Sneak Peek: The Boston Camerata's "The Night's Tale

Excerpt: Line Dance from "The Night's Tale"

Excerpt: "The Night's Tale"

In Europe in the Middle Ages, centuries before easy entertainment like television’s rivalries and relationship intrigues of Game of Thrones, lords and ladies gathered at tournaments for diversion. At these events, daytime was the domain of men, where knights jousted and competed for glory; evenings were guided by women, who engaged with knights and lords in music and dance. Mutual attraction sparked during the day culminated in the evening’s varyingly passionate, aggressive, and playful rites of courtship.

With “A Night’s Tale: A Tournament of Love,” led by director, singer, and scholar Anne Azema, the Boston Camerata brings the narration of such a day. The production is inspired by Le Tournoi de Chauvency, a poem by trouvere Jacques Bretel about the tournament that drew over 500 of the greatest knights from Germany and France to Lorraine, France, in 1285.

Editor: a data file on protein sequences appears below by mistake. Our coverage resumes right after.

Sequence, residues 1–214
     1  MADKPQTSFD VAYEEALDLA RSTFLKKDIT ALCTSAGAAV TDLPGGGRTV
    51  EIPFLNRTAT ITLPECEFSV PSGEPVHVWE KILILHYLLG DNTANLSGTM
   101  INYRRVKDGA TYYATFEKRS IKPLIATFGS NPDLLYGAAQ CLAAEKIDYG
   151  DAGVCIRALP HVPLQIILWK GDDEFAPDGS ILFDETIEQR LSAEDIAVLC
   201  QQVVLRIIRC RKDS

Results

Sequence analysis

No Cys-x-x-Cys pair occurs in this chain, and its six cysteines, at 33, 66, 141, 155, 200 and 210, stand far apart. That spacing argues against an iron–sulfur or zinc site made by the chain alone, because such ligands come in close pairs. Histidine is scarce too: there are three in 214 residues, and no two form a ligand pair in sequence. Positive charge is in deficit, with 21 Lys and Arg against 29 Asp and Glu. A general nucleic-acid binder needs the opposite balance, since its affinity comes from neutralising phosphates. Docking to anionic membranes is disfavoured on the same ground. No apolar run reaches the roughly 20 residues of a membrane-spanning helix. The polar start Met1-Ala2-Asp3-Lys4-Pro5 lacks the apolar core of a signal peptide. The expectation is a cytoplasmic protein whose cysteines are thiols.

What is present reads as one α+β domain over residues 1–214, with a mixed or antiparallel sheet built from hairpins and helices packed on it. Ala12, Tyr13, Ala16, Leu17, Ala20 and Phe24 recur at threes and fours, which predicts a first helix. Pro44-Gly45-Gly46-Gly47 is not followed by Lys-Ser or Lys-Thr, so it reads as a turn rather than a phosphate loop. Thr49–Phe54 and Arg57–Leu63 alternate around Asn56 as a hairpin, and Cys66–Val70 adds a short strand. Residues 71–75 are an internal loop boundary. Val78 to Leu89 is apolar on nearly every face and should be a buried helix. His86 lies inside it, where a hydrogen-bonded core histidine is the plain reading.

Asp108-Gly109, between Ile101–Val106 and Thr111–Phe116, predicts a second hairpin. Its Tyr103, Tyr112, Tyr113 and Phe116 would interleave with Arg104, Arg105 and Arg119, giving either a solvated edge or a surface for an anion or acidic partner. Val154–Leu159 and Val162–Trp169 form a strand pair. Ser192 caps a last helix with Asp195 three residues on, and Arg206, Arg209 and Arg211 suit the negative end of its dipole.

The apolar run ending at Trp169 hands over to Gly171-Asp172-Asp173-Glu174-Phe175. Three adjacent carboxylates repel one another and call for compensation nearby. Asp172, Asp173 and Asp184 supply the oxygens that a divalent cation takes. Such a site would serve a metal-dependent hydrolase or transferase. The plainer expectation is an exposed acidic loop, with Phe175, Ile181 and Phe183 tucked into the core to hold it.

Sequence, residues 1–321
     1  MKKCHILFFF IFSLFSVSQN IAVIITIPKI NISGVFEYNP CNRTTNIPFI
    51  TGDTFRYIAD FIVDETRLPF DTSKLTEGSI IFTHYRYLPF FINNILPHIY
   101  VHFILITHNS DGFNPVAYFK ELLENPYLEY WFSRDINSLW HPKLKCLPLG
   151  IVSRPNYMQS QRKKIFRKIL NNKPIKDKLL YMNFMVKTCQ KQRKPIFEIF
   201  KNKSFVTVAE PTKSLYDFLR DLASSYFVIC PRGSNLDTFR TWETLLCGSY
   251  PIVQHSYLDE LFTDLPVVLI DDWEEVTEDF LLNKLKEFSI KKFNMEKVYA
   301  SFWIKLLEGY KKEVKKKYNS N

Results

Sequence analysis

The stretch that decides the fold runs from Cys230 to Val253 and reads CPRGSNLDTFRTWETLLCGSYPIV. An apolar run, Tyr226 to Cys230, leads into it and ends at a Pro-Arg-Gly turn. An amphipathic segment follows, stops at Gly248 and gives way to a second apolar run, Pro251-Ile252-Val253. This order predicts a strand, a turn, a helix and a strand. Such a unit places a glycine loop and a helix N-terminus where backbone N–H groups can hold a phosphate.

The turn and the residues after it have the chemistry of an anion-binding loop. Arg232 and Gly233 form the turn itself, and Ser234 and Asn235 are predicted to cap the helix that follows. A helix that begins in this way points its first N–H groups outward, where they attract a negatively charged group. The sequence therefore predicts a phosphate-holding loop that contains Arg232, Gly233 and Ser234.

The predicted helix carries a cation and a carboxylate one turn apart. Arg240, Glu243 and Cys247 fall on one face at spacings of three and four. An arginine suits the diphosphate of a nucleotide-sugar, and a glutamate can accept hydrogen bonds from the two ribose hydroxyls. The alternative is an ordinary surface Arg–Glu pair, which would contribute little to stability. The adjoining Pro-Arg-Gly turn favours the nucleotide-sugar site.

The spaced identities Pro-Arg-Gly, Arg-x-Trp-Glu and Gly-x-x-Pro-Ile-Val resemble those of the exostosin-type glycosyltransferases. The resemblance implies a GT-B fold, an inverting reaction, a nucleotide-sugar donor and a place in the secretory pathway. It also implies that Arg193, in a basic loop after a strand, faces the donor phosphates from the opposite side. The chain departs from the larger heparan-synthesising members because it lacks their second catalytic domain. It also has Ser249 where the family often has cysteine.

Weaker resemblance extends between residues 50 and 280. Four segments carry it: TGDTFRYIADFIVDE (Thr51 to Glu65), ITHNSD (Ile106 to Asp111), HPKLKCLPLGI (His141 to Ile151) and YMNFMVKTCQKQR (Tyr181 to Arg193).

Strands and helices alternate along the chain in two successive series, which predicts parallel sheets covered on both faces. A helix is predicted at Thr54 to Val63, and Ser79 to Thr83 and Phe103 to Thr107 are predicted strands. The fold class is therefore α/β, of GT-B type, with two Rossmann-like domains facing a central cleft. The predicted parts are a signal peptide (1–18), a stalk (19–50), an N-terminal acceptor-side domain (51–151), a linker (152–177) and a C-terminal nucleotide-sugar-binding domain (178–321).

Employing Bretel’s descriptions as cues for songs from the medieval French troubadour and folk traditions, the Camerata’s hurdy-gurdy, harp, fiddles, voices, and narration tell compelling tales of courtly love and chivalry.